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Comments

  1. says

    It’s insane how huge the houses are in the US. I am used to living in small spaces after living abroad. I am American myself, but I have to say that many Americans are just plain excessive. Everything is huge! The cars, the food, the houses, and even a lot of the people. I don’t think I truly realized how wasteful people are in the US until I left.

  2. says

    I like to be cozy, so yeah I agree with smaller spaces too. My former house felt too big to me after apartment living. It was almost like a monster was hiding on the other side of the house. Ha. I like being able to walk in and glance around and see everything at once, versus a huge maze of a place.

  3. says

    I think “need” is the operative word and the one we just don’t think much about in the U.S. There was an incredible example of a guy in uh oh, I think it was Taiwan? who took this tiny apartment and by creating all sorts of amazing things, made it useful for so many purposes. The idea that everyone needs his/her own room (starting with a nursery) is a start to the problem. One thing that does influence me personally is living in a climate where you are inside most of the year. When we lived in AZ, I think we could have done with a lot smaller house. Mental torture from being in a space with a bunch of others with little opportunity to get out has to count for something. But a McMansion, no way.

  4. Jennifer says

    @Kathleen I’ve heard that once you leave the country things look really different here. I didn’t leave the US but I did live in a tiny town right off the beach in Humboldt – no electric heat, only four rooms, tiny! BUT I loved it. It was way better to have the ocean view than too many large houses.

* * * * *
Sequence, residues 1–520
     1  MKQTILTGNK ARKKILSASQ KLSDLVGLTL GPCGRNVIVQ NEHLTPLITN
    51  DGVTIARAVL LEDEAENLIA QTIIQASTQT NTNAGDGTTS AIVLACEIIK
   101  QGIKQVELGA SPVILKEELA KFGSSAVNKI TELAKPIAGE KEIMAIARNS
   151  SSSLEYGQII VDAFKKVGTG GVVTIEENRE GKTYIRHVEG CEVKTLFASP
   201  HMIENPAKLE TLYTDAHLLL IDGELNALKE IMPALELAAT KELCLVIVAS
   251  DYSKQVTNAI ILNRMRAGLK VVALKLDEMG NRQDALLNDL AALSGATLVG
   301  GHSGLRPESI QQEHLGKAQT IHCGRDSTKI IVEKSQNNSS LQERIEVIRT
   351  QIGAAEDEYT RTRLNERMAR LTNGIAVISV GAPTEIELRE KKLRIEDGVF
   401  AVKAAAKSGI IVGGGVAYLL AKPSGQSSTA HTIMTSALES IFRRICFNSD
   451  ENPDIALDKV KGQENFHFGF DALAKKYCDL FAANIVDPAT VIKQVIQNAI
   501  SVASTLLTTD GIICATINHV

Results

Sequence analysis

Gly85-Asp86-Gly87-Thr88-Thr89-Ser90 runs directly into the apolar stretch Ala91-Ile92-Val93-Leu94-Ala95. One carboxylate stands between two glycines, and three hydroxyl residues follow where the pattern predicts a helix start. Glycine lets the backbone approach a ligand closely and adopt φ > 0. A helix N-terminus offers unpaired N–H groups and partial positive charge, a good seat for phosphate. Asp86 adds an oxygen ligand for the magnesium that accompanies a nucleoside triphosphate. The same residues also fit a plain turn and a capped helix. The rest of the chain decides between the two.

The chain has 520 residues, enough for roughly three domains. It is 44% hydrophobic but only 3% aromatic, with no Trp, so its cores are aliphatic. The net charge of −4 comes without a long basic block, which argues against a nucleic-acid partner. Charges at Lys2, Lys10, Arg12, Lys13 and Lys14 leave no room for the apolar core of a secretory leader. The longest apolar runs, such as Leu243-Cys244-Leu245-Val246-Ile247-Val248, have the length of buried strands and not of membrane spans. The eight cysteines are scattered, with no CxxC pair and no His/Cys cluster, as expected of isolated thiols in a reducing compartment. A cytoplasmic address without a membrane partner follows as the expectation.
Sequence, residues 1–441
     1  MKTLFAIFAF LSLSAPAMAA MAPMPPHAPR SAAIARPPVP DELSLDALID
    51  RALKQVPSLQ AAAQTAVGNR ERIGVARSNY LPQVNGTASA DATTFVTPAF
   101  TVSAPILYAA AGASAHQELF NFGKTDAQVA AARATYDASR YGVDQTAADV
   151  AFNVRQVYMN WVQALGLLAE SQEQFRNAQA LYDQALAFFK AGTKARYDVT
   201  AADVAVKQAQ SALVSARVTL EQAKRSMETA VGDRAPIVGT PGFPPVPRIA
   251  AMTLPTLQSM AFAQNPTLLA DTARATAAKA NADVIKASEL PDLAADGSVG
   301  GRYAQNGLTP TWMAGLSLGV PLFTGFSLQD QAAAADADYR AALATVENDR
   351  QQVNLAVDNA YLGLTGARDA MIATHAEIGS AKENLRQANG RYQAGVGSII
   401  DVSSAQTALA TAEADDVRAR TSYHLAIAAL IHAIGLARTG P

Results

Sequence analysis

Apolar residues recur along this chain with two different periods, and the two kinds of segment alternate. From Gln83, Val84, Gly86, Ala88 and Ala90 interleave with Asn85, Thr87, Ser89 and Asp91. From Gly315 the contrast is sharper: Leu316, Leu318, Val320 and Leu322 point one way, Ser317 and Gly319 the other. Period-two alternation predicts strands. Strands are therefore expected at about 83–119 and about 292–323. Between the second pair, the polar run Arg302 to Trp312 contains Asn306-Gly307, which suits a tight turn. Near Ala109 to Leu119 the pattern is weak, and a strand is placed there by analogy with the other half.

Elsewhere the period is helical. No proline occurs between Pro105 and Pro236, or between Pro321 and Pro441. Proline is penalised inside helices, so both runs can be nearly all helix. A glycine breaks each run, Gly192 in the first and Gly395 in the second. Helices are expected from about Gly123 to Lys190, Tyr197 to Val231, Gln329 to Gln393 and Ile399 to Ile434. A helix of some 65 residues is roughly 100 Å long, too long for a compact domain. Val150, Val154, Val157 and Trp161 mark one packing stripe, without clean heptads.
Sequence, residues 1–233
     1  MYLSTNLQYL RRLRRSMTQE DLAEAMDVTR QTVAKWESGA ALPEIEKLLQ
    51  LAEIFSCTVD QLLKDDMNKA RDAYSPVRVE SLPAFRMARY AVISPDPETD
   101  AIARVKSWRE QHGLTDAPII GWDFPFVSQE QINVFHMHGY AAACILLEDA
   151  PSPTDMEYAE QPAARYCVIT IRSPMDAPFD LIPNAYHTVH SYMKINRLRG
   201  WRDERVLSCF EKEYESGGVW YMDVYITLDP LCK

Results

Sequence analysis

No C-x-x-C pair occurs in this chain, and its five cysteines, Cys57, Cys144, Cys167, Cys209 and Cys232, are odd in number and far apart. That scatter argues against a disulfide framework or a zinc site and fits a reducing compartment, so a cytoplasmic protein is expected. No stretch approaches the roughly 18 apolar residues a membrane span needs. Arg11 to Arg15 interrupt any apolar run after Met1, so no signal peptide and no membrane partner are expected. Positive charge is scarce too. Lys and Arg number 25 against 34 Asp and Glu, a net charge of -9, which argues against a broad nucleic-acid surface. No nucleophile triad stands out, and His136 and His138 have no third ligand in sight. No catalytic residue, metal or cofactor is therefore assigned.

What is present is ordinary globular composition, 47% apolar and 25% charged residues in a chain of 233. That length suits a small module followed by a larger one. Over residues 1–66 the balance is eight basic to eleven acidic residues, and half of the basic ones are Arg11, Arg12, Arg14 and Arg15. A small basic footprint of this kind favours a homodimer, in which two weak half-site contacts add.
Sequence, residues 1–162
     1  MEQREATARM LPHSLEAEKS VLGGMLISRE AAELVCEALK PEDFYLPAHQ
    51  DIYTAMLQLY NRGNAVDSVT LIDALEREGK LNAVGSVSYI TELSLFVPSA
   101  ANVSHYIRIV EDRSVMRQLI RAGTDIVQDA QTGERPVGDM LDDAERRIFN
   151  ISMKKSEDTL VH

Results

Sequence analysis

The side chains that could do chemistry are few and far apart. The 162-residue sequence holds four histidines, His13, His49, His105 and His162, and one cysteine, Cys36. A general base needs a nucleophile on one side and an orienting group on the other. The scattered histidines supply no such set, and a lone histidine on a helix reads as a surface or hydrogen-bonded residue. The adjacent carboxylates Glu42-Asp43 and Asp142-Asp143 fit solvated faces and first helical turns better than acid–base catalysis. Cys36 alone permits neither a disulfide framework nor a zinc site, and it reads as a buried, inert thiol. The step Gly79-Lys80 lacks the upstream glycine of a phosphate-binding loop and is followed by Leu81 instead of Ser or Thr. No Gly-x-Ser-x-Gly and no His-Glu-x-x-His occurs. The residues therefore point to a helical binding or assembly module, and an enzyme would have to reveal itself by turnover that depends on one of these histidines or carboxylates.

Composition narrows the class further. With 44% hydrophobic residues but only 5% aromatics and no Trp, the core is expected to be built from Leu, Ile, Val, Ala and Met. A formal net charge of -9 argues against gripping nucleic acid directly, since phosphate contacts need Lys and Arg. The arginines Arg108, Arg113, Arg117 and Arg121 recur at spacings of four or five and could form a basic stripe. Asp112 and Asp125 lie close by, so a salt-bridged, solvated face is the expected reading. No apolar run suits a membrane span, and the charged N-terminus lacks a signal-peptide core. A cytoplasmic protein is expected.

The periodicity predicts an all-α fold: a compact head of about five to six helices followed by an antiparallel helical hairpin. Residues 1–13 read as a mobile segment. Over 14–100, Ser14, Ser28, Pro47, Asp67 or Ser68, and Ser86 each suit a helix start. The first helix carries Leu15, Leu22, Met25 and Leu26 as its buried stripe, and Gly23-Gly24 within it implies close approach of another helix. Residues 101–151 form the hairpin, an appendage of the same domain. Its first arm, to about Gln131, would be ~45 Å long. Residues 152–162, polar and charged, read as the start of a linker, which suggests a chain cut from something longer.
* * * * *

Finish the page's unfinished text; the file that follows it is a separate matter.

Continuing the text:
@Peggy – With just you, M, and the kitties, you don’t need much space anyhow. I could do with a little more right now being that we’ve got 3 bedrooms, plus three kids and two adults because I work at home. Right now I’m sans office space which is hard, but other than that, I like it small.

    @Lynn – it’s a great point that everyone thinks everyone needs their own space from birth. Cedar co-slept, so he had a nook like room for books, toys, and such, but he really had no need for a bedroom as a baby. No crib, no changing table, etc. But for many here it’s hard to wrap their minds around because that’s what we see in the media – lots of individual spaces. I think it leads to too much space and a feeling of being cut off. I do agree about where you live though too. If we had very snowy winters and couldn’t get out, maybe I’d need more space. Luckily it’s so moderate here we go outside year-round.

  5. says

    Jennifer, we need more space too actually. Our one bedroom, one bath is a bit tight, plus I don’t have a good out of sight place for the litter boxes. I’m using the sun room area as an office, and there’s no balcony. And M wants a place to paint. So, probably a three bedroom house to allow office space, plus guest area would be nice.